How Are State Sales and Use Taxes Connected to County Personal Property Tax?

We read your column in the last issue of The Log regarding the return to the “one-year rule” for the assessment of sales and use tax in California. We’re wondering, though, why the rule is connected to the assessment of personal property tax by the county, and what effect the new rules will have on property tax. We are California residents, but we own property in Oregon and we were considering the use of that address for the Coast Guard documentation. Will that have any effect on the property tax assessment? Can you explain some of the rules for the assessment of personal property tax?
The return of the “one-year rule” for the assessment of sales and use tax includes a provision that requires the payment of the tax if the boat is subject to the assessment of property tax by the county during the first year after the purchase.

This is an odd provision, since these two taxes really have nothing to do with each other. They are assessed by different arms of government and the rules for the assessment are completely different. The link between these two taxes can create a trap for the unwary, and it has little foundation in public policy.

Personal property tax will be assessed on a boat annually if the “situs” of the boat is in a California county on Jan. 1 of any particular year. The residency of the vessel owner has nothing whatsoever to do with the question. The only thing that matters is the location of the boat.

“Situs” is basically the location where the boat is usually moored or stored. But don’t confuse “situs” with “home port” or “hailing port.”

U.S. law provides that the “homeport” of a documented vessel is the location of the Coast Guard facility where the vessel’s registration records are maintained. At one time, this would have been the Coast Guard district headquarters nearest to the boat’s regular dock or mooring location.

In 1995, the Coast Guard consolidated this function into one office and moved it to the National Vessel Documentation Center (“NVDC”) in Falling Waters, W. Va. The NVDC is now, therefore, the homeport for all U.S. documented vessels, regardless of where their actual home is.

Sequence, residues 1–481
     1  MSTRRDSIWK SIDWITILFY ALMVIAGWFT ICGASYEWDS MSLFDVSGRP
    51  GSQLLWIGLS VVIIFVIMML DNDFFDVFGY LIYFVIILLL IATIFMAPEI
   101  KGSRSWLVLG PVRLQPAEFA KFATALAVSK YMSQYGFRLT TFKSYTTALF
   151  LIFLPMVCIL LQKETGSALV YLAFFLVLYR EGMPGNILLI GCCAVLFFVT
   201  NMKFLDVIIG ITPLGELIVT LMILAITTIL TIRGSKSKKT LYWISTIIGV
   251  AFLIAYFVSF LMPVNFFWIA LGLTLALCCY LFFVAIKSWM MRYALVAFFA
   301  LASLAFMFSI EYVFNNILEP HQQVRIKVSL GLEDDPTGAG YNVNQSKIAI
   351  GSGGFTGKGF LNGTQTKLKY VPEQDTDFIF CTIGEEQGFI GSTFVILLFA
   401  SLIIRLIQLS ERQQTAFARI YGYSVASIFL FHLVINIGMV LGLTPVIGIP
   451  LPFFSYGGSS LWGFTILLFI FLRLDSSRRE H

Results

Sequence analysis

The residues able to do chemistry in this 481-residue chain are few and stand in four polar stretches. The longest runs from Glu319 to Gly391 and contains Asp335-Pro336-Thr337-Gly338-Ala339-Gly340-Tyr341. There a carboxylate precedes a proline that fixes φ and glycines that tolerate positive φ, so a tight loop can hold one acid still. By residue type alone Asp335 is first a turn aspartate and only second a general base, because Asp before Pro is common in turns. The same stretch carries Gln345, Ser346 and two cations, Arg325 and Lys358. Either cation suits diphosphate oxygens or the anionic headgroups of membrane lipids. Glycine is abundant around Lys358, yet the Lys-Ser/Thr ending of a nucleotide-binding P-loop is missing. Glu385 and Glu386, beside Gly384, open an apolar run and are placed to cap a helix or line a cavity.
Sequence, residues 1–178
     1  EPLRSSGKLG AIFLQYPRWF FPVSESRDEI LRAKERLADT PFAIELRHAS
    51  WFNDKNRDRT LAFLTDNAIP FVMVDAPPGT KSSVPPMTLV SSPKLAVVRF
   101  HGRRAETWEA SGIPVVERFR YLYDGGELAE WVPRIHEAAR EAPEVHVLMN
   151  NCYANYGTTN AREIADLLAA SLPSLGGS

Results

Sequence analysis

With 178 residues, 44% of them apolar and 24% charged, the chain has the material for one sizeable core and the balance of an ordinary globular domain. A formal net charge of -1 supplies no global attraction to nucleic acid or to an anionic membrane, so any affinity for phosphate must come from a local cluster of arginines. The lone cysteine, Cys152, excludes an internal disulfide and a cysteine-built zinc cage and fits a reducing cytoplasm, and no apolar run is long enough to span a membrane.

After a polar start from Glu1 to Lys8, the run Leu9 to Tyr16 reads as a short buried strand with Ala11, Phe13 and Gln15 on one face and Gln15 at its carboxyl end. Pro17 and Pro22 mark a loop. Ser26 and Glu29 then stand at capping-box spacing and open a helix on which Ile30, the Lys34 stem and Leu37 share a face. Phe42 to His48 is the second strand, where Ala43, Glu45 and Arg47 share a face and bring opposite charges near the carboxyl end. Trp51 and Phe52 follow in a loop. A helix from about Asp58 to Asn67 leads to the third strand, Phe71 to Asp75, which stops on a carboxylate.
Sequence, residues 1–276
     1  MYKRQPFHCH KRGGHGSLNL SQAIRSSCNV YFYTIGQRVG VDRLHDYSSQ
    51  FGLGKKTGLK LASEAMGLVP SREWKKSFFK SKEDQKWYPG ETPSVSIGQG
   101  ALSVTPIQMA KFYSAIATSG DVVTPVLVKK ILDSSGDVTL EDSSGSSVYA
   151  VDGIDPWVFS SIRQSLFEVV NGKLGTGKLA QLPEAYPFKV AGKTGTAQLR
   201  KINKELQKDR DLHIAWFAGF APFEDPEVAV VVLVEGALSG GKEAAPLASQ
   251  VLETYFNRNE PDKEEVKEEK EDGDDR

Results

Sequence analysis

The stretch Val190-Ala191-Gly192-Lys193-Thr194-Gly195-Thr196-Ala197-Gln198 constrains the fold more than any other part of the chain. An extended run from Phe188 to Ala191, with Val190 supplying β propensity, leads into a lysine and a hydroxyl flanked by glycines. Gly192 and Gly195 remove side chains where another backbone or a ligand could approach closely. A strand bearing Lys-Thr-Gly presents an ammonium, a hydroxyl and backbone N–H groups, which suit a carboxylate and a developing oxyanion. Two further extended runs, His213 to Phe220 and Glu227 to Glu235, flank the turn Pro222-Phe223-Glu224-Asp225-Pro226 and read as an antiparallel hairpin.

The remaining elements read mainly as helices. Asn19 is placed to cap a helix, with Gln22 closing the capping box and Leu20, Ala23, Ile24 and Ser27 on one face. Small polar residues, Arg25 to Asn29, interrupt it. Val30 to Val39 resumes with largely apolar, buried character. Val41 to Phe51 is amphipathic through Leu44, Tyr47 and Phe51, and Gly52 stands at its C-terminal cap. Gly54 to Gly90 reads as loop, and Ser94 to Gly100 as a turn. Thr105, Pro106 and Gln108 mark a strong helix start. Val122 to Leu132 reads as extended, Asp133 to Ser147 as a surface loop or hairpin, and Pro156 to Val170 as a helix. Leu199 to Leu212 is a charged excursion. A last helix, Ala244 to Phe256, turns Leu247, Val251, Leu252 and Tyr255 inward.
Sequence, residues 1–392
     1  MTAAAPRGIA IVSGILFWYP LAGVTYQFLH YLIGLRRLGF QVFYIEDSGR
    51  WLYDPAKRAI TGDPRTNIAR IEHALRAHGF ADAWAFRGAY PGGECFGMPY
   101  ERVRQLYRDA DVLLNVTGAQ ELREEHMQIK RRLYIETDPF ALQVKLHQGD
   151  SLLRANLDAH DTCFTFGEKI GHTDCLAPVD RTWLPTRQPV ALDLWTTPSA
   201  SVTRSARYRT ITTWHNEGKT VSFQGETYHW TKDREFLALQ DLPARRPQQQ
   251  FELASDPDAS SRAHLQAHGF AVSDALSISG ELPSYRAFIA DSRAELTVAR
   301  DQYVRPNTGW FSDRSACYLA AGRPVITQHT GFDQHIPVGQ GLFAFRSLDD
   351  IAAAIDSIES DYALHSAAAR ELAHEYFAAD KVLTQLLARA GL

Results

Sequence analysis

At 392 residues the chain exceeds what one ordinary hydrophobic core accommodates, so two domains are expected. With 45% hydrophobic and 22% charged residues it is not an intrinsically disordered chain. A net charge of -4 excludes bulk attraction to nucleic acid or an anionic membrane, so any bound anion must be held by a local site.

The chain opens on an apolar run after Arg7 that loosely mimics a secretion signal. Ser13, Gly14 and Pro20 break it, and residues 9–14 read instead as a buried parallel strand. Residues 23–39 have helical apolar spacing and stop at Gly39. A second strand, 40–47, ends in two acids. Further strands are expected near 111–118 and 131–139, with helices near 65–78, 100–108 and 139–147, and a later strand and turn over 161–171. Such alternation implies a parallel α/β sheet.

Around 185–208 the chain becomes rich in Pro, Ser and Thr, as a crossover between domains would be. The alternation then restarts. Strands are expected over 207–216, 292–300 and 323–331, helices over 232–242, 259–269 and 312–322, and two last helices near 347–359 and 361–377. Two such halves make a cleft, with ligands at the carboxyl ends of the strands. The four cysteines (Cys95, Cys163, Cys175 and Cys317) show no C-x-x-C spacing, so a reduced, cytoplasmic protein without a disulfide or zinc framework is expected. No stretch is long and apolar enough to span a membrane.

Similarly, the “hailing port” of a vessel says little about the boat’s whereabouts or its regular mooring location. U.S. law allows a vessel’s “hailing port” to be any municipality, port or place that is formally recognized by the U.S. Department of Commerce. It need not be adjacent to water and it need not have any relationship to the boat owner. You can pick a city at random out of a hat and use that city for the hailing port, if you wish.

With this in mind, the county tax assessor may use the Coast Guard documentation as a starting point in evaluating the “situs” of a boat, but that information is never conclusive. Instead, the assessor will look at things like slip rental agreements, mooring ownership and where the boat was located during the previous year.

Marinas in California are required to report their tenant lists to the tax assessor in their county, so this is a common source of information. Representatives of the assessor’s office may also enlist the aid of the local harbor patrol to cruise the harbor looking at boats that are moored in front of private homes.

Property tax is assessed on a boat at the same rate as the assessment for real property. This varies slightly from county to county, but it usually amounts to around 1.1 percent of the value of the boat each year. If a boat owner receives a property tax bill in error, or if the assessed value is incorrect, the burden of proof is on the taxpayer to prove that the assessment is incorrect. This amounts to a “guilty until proved innocent” approach to the process, but in fact this approach is the same for all taxes that we pay.

If a boat owner contends that the tax should not have been assessed at all, he or she will need to prove the whereabouts of the boat during the year, and address the particular issue that led the assessor to conclude that the “situs” was within the county for that year. If the amount of the assessment is wrong, the boat owner will need to produce an appraisal by a reputable marine surveyor or provide another competent measure of the value of the boat.

Unfortunately, there are almost no tax-planning strategies (aka “loopholes”) to get around the annual assessment of property tax on a recreational vessel. But, as always, every boat owner will have a unique set of circumstances, and an attorney or tax professional familiar with these issues should always be consulted.

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